Dickenson Bay: Offering lots of water sports and other activities, as well as the much-needed beach amenities, the bay is a favorite spot to swim, snorkel, sip on a cold drink, or sunbathe on the clean, soft sand.
Planning a Antigua and Barbuda Vacation with Kids
Places to Visit in Antigua and Barbuda with Kids
Antigua and Barbuda vacation ideas with kids can include a variety of places all over the country, since most of the towns and sites are kid-friendly, so your choice depends on the preferences of your family.
If you’re looking for quiet and secluded beaches where you can relax and take the youngest swimming or some other water activity, head for Barbuda and its clean sands which are usually not crowded and noisy. Saint Paul Parish is especially tucked away and safe. Antigua:, on the other hand, is known for its vibrant, lively, larger beaches with a range of amenities that cater to families with babies and small children, such as showers and small shops.
For those who’d like to learn a thing or two about the local history, Codrington: and other historical sites offer an interesting pastime, as you wander through the old buildings and memorabilia or stop to hear the locals’ stories and legends.
Another favorite family activity, hiking and observing the natural world, is best on Prickly Pear Island, although Antigua’s beaches and waters offer the insight into the underwater creatures as well.
Things to Do in Antigua and Barbuda with Kids
Depending on your kids’ interests, you can plan your Antigua and Barbuda itinerary so that they can engage in a variety of activities in numerous attractions throughout the country.
For a thrilling adventure reminiscent of the Peter Pan story, go for Pirates of Antigua, where the kids will get the opportunity to dress and talk like pirates, and even go searching for shipwrecks. Visiting Tropical Adventures - Island Safari and Springhill Riding Club provides kids with the chance to learn about the plant and animal life on the island, in addition to taking on numerous snorkelling and hiking trips.
Teenagers might find Segway Antigua Tours interesting and challenging, because they’ll have to learn how to control the vehicle and then go exploring the nature of Antigua.
Tips for a Family Vacation in Antigua and Barbuda
If you’re going on an Antigua and Barbuda trip with kids, most of the hotels and resorts offer kids’ areas and playgrounds, and some of them even provide babysitting services. The playgrounds are usually free for the youngest, and you can check in advance to find hotels with a free stay for kids of a certain age.
Travelling with babies and toddlers means you’ll need diapers and other hygiene products you can find in any supermarket. As far as transportation with kids is concerned, decide for yourself whether you want to rent a car or a taxi; keep in mind that you’ll need to use boats for separate islands.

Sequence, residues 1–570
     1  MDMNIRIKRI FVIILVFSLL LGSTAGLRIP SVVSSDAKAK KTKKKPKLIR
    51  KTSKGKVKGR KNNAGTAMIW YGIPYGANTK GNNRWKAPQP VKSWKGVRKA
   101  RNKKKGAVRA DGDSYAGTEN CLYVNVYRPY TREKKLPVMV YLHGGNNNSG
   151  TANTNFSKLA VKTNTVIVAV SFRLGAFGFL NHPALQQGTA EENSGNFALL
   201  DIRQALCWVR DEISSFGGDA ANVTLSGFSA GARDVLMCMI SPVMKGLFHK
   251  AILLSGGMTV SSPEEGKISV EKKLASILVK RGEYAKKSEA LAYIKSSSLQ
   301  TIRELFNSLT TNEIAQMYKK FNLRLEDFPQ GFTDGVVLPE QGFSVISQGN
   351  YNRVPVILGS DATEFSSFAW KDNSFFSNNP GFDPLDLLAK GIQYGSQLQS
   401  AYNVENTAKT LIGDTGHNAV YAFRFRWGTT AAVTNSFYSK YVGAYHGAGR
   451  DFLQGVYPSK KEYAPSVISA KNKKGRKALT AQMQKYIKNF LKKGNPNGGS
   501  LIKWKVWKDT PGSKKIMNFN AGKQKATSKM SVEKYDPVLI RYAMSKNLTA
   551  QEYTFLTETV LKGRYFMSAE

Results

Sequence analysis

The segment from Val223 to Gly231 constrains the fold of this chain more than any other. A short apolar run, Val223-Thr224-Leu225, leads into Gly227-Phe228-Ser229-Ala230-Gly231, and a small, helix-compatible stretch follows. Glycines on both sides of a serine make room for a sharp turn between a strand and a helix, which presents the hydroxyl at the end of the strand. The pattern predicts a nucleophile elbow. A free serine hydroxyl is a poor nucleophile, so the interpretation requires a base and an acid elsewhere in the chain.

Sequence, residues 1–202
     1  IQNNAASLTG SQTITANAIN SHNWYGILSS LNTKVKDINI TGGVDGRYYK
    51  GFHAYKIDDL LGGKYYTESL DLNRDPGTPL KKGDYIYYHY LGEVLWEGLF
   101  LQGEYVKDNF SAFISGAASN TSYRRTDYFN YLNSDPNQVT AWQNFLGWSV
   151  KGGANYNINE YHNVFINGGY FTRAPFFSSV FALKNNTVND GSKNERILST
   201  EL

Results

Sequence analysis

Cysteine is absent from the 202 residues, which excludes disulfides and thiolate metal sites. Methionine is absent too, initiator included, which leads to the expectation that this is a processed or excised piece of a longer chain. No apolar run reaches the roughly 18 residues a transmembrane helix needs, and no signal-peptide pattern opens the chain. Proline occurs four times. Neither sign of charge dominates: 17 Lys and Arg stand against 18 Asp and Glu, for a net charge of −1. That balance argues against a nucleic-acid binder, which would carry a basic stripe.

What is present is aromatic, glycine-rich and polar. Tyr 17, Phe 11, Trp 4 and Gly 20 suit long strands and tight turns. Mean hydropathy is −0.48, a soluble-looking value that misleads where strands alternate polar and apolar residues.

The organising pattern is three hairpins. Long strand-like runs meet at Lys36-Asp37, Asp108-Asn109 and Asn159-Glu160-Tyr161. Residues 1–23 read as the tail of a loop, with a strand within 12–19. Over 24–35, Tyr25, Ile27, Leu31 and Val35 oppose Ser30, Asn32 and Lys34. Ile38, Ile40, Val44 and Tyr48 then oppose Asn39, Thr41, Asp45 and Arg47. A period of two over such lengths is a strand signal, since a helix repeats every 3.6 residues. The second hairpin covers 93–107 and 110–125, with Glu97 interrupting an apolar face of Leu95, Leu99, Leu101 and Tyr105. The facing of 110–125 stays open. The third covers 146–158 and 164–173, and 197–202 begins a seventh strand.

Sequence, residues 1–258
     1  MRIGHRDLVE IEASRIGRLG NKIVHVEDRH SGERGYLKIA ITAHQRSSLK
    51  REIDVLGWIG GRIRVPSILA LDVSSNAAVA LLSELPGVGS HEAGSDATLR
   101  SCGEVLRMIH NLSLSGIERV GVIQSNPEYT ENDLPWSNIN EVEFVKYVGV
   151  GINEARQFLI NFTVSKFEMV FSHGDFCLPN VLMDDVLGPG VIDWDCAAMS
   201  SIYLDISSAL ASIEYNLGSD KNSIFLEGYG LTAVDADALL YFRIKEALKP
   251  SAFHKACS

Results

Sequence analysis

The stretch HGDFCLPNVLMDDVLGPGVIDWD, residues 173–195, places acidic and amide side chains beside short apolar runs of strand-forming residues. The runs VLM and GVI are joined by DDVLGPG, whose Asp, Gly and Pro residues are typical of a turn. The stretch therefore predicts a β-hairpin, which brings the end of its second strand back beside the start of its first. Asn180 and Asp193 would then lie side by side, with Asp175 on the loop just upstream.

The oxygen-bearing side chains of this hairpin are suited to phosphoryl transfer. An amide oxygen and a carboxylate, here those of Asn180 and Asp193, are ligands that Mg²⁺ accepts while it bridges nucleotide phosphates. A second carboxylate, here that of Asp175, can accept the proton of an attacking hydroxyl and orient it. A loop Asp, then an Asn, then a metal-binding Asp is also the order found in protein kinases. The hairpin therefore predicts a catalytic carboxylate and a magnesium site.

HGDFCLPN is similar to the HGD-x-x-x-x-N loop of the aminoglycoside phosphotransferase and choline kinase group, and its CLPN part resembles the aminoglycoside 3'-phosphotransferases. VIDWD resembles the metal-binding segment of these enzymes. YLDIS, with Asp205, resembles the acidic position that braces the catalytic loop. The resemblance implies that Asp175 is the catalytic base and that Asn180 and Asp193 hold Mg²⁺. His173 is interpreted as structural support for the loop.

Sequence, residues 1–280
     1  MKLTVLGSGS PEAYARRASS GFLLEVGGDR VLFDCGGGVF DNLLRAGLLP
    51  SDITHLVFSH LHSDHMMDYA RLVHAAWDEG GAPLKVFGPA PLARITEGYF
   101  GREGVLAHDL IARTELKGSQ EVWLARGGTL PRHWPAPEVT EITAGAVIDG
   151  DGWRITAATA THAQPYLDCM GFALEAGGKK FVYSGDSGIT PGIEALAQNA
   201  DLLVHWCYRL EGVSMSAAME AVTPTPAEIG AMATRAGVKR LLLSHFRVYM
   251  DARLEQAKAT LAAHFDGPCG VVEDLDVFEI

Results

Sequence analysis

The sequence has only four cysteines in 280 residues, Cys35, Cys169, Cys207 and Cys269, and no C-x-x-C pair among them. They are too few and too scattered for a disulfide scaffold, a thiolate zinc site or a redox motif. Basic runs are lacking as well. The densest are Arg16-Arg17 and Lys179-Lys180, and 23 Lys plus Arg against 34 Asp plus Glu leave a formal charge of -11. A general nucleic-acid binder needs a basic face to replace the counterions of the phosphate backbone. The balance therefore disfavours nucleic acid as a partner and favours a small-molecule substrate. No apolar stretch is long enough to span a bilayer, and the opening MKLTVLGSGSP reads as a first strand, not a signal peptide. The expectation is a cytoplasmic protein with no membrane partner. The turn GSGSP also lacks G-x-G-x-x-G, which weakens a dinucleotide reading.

Make sure to use mosquito and bug repellent at all times, especially when spending the day on the beach.
Dining and Shopping on Holiday in Antigua and Barbuda
Cuisine of Antigua and Barbuda
Due to the diversity and variety of styles and cooking techniques, the country’s cuisine is always interesting and tasty to try. Most of the meals in Antigua and Barbuda include lots of vegetables, chicken and pork, fish, pastries, and pasta. If you ask for a traditional meal, you’ll get fungie (made with corn flour and okra), lobster, and all kinds of rice dishes. There are numerous home bakeries throughout the islands where you can buy fresh, warm pastries with cheese, fruit, or some other filling.
The people of this country pay special attention to preparing and eating sweets, namely homemade caramels and brittles, along with other soft and hard candies. You’ll surely hear about the famous Antiguan pineapple, which is allegedly the sweetest and tastiest in the world. Due to the geography and climate, the area is rich with many other tropical fruits as well.
As far as drinks are concerned, the most famous one here is the Christmas liquor, very strong and sweet. Some other common beverages include seamoss, and a wide variety of fresh pressed fruit juices, such as lemonade, mango, cranberry, guava, hibiscus juice, and coconut milk.
Shopping in Antigua and Barbuda
An Antigua and Barbuda holiday promises to deliver a diverse and fruitful shopping experience, wherever you’re staying and going. The streets of both the capital city and smaller towns are sprinkled with small vendors who sell arts and crafts. This way you can find affordable pieces of jewelry, textiles, shawls, footwear, and souvenirs. Local shopping allows you to support the people by purchasing a unique, handmade item.
On the other hand, there are a lot of high-end shopping stores in the capital, such as duty-free and outlet places. A large number of international brands can be found here, as well, for lower prices than usual. You can also find jewelry stores with quality gems, and perfume stores that sell famous brands, as well.